Tuesday, 22 January 2008

The trouble with ingenuity

I’m someone who loves elaborate plots in crime novels, and as I mentioned the other day, I started Fear and Miss Betony, by Dorothy Bowers, with high hopes, given the claim that ‘The Golden Age of detective fiction was known for elaborate plots. This may well be the most ingenious one of them all.’ Now I’ve finished the book, I’m reflecting on both its strengths and its weaknesses.

Bowers’ writing style is literate and appealing. Here, the encounter between the eponymous Emma Betony and a sinister fortune teller called The Great Ambrosio is highly atmospheric and memorable. The setting (the book was published in 1941) is nicely done; the story gives a reminder that, albeit changed, life in England still went on while the Second World War raged. And Bowers understood the importance of character. Right at the end, Inspector Dan Pardoe makes the point that: ‘The key to this was character – as to so much else. The impact of character on circumstance, circumstance on character.’

The structure of the book is unusual. Emma is brought in by her former pupil, Grace Aram, to help understand an apparent campaign to murder a patient run at the nursing home-cum-school that Grace runs. Pardoe only appears near the end of the book, after murder is done. But the victim is not the person whom one has been led to expect: shades of Christie’s Peril at End House.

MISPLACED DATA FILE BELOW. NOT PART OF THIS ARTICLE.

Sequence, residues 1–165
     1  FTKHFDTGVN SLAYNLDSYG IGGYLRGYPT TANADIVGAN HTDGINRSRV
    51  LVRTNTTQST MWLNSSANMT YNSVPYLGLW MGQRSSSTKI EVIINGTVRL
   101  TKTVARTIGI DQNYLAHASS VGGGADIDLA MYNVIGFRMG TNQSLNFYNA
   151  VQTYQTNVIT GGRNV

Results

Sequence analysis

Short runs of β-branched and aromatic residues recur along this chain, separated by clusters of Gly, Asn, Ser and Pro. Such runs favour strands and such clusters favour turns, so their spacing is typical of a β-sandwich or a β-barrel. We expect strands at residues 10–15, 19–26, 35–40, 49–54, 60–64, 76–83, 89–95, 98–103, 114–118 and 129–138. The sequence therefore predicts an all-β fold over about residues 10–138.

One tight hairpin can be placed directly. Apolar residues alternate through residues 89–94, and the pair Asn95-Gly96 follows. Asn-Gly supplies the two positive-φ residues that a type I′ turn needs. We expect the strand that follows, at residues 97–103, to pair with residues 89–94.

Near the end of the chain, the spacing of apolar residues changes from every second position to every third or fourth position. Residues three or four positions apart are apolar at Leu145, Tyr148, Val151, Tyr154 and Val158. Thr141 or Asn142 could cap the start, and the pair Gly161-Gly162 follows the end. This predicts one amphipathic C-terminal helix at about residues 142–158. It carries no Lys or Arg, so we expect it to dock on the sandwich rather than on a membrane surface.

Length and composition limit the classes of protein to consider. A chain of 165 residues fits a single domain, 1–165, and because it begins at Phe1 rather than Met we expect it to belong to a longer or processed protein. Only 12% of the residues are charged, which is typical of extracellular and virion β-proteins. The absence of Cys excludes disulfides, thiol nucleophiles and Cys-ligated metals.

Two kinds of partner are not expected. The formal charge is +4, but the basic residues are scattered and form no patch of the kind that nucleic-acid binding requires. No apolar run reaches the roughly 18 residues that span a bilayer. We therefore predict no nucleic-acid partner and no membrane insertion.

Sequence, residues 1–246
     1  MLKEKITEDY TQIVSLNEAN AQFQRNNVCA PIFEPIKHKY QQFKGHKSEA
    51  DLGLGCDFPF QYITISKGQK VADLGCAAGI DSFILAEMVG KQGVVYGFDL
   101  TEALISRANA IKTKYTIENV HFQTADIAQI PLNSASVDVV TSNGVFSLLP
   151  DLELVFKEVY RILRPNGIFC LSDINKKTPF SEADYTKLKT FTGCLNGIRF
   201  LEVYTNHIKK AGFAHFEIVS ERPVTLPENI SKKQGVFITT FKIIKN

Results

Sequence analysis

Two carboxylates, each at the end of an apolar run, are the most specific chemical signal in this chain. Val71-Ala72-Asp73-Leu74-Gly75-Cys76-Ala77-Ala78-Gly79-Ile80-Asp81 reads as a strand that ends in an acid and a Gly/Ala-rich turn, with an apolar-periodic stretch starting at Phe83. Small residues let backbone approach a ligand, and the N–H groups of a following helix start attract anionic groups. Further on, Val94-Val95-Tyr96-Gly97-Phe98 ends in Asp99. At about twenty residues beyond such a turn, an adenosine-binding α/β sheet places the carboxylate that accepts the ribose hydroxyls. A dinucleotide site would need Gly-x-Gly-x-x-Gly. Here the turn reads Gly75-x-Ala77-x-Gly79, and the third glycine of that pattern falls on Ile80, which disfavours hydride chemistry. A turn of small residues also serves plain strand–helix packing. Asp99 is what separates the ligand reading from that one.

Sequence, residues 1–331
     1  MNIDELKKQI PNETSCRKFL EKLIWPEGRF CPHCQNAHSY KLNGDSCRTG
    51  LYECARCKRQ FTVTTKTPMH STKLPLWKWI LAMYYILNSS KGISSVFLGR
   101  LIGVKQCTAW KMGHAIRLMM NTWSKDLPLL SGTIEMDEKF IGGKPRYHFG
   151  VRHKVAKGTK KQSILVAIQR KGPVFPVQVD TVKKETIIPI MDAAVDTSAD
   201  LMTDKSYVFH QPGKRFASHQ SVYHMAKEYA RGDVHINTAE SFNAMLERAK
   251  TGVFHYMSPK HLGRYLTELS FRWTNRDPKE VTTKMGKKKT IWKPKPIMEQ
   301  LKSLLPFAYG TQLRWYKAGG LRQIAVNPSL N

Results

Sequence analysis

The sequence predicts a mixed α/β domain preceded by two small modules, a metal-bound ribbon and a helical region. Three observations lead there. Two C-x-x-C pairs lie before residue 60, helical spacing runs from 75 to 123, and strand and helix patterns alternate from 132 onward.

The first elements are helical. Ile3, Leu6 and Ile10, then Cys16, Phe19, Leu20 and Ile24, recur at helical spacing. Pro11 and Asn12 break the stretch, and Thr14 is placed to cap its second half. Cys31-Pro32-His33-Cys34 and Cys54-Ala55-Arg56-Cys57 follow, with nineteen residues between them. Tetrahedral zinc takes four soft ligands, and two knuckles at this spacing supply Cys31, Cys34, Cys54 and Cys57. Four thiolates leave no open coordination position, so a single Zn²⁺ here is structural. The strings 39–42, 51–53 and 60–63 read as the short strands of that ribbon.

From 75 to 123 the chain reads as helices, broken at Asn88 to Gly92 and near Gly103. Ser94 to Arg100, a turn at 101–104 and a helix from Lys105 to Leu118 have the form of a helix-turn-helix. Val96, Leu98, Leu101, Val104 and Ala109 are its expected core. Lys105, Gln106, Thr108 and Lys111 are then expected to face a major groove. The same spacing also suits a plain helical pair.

However, there are shortcomings. The detective work seems a bit perfunctory and at least one clue is withheld from the reader – not exactly fair play. More important, there are too many characters (this is a subject touched on in a recent post and comments.) This means that one quickly comes to the conclusion that the culprit is likely to be one of the few individuals in the story who is truly memorable. Worst of all, I still can’t understand why the murderer went to so much trouble. It seems to me that the objective might have been achieved more easily and at much less risk.

This is the trouble with ingenuity – much as I admire it. Sometimes the whole exercise is over the top. Ultimately, the reason I like the book is not because of the plot (because I’m afraid I figured out the solution some time before the end) but because Emma Betony is a splendid character, depicted with skill. One can see that the author really liked her, and with good reason. My favourite Bowers book remains Deed Without a Name, but Rue Morgue Press have done whodunit fans a real service by reprinting all her five novels. Each of them has elements of distinction and her early death was a tragedy that robbed us of a writer of genuine talent and rich promise.

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